I made it about 4 full months of complete sobriety. I’m not exactly sure how many days it was, and to be honest I don’t care. The idea of reiterating every day…. “it’s been 67 days since my last drink” is not motivating to me in any way. In fact, I hate even brining it up. I know people in 12 step programs deal with things on a day by day basis and their last date of use has a big importance for them, but for me, I’d rather just forget and go surfing or do something worthwhile.

I also can’t stand the idea of sitting in a recovery group with a bunch of people talking about being sober. I’d rather just join a softball team and play ball. I know it works for some, and god bless them for it, but any type of rehab is not for me.


Because I honestly know I don’t have a problem. Personally, I have a bigger problem with imposing rules and limitations on my life and making myself feel like I’ve done something wrong if I want to have a simple beer after a long days work.

Yesterday I had 2 great surf sessions, then burned the shit out of the bottom of my feet, toasted the clutch in my car and was a bit irritated. I mumbled a few obscenities and parked the car, walked into a old cowboy saloon and tossed back a Sierra Nevada while watching the movie True Grit. After that one beer, I left. I didn’t feel like drinking more. I also didn’t feel bad for having the beer. I did want to stay and watch the rest of the movie though.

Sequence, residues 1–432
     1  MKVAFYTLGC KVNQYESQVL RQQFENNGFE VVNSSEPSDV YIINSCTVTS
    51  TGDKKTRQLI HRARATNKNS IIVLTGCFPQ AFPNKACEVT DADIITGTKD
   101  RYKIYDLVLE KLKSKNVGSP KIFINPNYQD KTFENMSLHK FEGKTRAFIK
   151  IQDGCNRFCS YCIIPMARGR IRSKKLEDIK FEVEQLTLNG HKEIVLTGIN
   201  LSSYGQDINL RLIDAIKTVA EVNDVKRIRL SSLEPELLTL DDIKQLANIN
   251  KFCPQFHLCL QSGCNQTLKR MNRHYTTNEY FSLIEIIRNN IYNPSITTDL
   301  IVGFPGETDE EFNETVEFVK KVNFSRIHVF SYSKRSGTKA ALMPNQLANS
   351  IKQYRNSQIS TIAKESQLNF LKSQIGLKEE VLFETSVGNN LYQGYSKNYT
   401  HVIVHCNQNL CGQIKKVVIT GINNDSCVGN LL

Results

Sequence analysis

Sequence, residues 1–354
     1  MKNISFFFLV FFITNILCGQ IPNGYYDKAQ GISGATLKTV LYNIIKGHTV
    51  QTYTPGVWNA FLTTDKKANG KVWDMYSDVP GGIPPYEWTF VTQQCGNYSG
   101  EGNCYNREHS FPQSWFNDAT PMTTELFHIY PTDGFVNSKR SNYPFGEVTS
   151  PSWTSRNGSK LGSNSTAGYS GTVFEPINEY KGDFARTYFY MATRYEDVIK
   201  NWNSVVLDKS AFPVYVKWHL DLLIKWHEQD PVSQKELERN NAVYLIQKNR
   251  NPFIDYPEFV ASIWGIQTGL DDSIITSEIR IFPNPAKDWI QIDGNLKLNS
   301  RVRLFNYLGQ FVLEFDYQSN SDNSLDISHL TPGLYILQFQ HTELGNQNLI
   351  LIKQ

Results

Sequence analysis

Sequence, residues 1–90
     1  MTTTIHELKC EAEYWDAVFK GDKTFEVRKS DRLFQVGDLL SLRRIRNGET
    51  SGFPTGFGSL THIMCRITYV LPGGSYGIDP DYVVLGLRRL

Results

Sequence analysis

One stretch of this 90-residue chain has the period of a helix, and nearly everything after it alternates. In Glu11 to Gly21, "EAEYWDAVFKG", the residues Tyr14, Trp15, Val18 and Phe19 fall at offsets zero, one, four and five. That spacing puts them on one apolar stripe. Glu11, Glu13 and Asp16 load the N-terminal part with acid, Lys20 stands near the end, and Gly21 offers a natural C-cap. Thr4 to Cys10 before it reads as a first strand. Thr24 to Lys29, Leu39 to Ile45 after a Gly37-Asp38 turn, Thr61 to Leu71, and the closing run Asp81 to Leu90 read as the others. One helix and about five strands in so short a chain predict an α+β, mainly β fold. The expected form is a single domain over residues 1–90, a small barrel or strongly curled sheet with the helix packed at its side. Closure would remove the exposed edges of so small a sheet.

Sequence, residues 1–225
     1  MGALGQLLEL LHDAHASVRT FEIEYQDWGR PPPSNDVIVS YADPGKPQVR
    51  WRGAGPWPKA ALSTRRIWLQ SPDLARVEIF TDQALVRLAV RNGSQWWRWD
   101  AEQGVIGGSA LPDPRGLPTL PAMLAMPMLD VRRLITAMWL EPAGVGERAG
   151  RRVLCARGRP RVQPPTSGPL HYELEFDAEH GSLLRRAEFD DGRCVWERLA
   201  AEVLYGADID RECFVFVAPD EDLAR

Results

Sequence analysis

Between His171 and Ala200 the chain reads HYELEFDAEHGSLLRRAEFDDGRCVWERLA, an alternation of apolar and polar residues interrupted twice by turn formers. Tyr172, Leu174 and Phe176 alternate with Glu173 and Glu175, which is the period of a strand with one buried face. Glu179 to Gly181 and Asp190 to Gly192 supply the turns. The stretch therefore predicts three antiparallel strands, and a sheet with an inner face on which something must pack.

Was it the most healthy thing I could of done? No. But neither was the oatmeal cookie I ate the other day while sailing with all my buddies on the bay. But guess what? I didn’t have a drop of booze that day and there was an entire open bar for the 6 hour trip. Clearly I don’t have a issue with drinking.

The biggest problem I was running into during the sobriety stretch was the guilty feelings I was having about wanting to consume at times. It had nothing to do with me and everything to do with letting other people down. One thing I’ve learned over the years is… You have to live your life for you. If you’re not happy, you’re going to be of little good to those around you.

Another thing I learned is that I really dig being healthy. I love waking up and not feeling hung over. Being alert, aware and ready to tackle to world is a tremendous feeling. And I’m so grateful for adapting my lifestyle to mostly raw fruits and veggies.

I say mostly because at times I may want to eat a bit of wild salmon or some raw goat cheese. And if I feel like it, you better believe I’m going to do it. Heck, if I want to eat an In & Out Burger, I’m going to do it. Thankfully that urge is pretty much gone.